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Addressing Your Firewood Questions

Do you use a wood-burning fireplace? From selecting and buying firewood to storing and seasoning it, the wood you use can have a huge impact on how well your fires burn, how much heat you get, and how much buildup your chimney faces. We’ve got the answers to all your firewood-related questions here.

Q: Why should I use only seasoned wood?

A:Seasoned firewood for burning Freshly cut wood can be up to 45% water, while well-seasoned firewood generally has 15-25% moisture content. Wood with less water is easier to start, produces more heat, and burns cleaner. If you burn green wood, the heat produced by combustion has to dry the wood out first before it will burn. The end result is less heat delivered to your home, along with literally gallons of acidic water in deposited in your chimney – which results in higher levels of creosote.

Using quality, well-seasoned firewood will help your wood stove or fireplace burn cleaner and more efficiently, significantly reducing your risk of experiencing smoking problems, odors, rapid creosote buildup, and even dangerous chimney fires.

Q: When buying firewood, how can I select the best pieces?

There are a few characteristics to watch for when determining if the wood you’re purchasing is seasoned or not.

  • Look to see if the ends are darkened with cracks or splits visible. This indicates the piece has been sitting longer, and the split ends make it dry out faster.
  • Aim for pieces that are lightweight and make a clear “clunk” when beat together. Water adds weight, so the lighter and more hollow-sounding, the better!
  • Do the pieces seem mustier/older both in look and smell? Good! This is another sign of well-seasoned wood.
  • Pieces that are shorter in length will dry out faster, so it’s more likely these have less water than bigger logs.

Firewood is generally sold by volume, the most common measure being the cord. Other terms often employed are face cord, rick, or often just a truckload. A standard cord of firewood is 128 cubic feet of wood, generally measured as a pile 8 feet long by 4 feet tall by 4 feet deep. A face cord is also 8 feet long by 4 feet tall, but it is only as deep as the wood is cut. Which means a face cord of 16″ wood actually is only 1/3 of a cord, 24″ wood yields 1/2 of a cord, and so on.

Q: Do you have some ideal storage tips?

A: Well-seasoned firewood can be ruined by bad storage. If your pile is exposed to constant rain or always covered in snow, the wood will reabsorb large amounts of water, making it unfit to burn and causing it to rot long before it can be used. Wood should be stored off the ground and protected from excess moisture with a tarp or roof when threatening weather arrives.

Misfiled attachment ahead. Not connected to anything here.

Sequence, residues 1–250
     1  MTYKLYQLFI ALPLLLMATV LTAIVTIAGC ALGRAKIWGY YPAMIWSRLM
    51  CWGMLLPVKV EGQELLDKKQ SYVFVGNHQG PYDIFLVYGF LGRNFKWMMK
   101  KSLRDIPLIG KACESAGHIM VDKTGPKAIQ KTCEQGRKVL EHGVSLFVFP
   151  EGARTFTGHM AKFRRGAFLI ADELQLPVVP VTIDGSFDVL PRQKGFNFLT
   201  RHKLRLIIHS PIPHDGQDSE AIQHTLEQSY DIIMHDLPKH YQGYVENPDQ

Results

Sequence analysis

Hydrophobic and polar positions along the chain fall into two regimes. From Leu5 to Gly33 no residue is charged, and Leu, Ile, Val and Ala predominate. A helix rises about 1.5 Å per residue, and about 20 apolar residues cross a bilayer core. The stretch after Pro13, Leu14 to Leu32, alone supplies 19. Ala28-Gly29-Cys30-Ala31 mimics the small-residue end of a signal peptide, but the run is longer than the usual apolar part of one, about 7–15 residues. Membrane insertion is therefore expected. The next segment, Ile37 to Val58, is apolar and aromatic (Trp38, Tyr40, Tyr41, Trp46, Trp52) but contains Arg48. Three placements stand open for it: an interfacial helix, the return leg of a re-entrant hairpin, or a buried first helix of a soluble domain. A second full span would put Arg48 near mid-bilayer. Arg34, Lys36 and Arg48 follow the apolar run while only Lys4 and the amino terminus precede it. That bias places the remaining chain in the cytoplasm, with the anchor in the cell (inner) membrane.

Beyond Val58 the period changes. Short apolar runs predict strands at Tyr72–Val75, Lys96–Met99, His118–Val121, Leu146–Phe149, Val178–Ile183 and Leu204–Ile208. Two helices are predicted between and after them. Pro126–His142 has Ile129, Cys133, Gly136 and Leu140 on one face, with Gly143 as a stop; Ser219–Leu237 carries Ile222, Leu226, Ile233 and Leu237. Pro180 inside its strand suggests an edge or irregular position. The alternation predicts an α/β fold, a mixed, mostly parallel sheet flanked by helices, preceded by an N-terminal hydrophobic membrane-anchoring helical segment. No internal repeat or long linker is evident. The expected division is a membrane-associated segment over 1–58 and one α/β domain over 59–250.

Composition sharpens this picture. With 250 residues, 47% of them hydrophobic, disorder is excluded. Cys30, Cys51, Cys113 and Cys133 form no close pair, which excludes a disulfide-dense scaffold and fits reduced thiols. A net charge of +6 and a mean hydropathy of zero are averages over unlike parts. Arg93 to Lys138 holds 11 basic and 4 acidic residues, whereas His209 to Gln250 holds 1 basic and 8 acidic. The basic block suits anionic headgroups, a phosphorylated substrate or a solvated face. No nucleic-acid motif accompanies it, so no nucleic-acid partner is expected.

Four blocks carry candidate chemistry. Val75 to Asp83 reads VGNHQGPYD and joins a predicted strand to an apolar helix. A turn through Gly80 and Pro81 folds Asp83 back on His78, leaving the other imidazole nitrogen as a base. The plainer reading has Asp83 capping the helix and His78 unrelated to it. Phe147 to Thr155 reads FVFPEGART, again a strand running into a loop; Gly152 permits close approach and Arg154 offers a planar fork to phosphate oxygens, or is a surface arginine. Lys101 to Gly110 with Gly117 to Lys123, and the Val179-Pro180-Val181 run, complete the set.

The ideal situation is to have a wood shed. This is a shed especially for storing wood where there is a roof but the sides are either open or loose. This lets sunshine in and allows for plenty of air circulation – both of which are needed to promote faster drying.

No shed? The next best thing would be to keep the wood pile in a sunny location and cover it on rainy or snowy days with a waterproof tarp of some kind – just make sure the cover is removed during fair weather to allow air movement and avoid trapping in moisture.

Also don’t forget that your woodpile also looks like heaven to termites, so it’s best to keep only a week or so worth of wood near the house in easy reach. Once properly seasoned, wood can be expected to last 3 or 4 years if necessary.

Q: How long should I store my firewood?

A: All wood should be stored for 6 months or more before you burn it.

Why? Wood is filled with microscopic tubes that were used to transport water from the roots of the tree to the leaves. These tubes can stay full of water for a long time, which is why cutting your firewood to length and seasoned it for a lengthy time is so imperative. Once the tube ends are open and exposed, the water only has to travel a foot or two to drain. Splitting the wood helps, too by exposing more surface area of the wood to the sun and wind.

Reach Out for More Info

Need more info about storing or buying firewood? We’re here to help. Simply give us a call or reach out online – our knowledgeable techs have got you covered.


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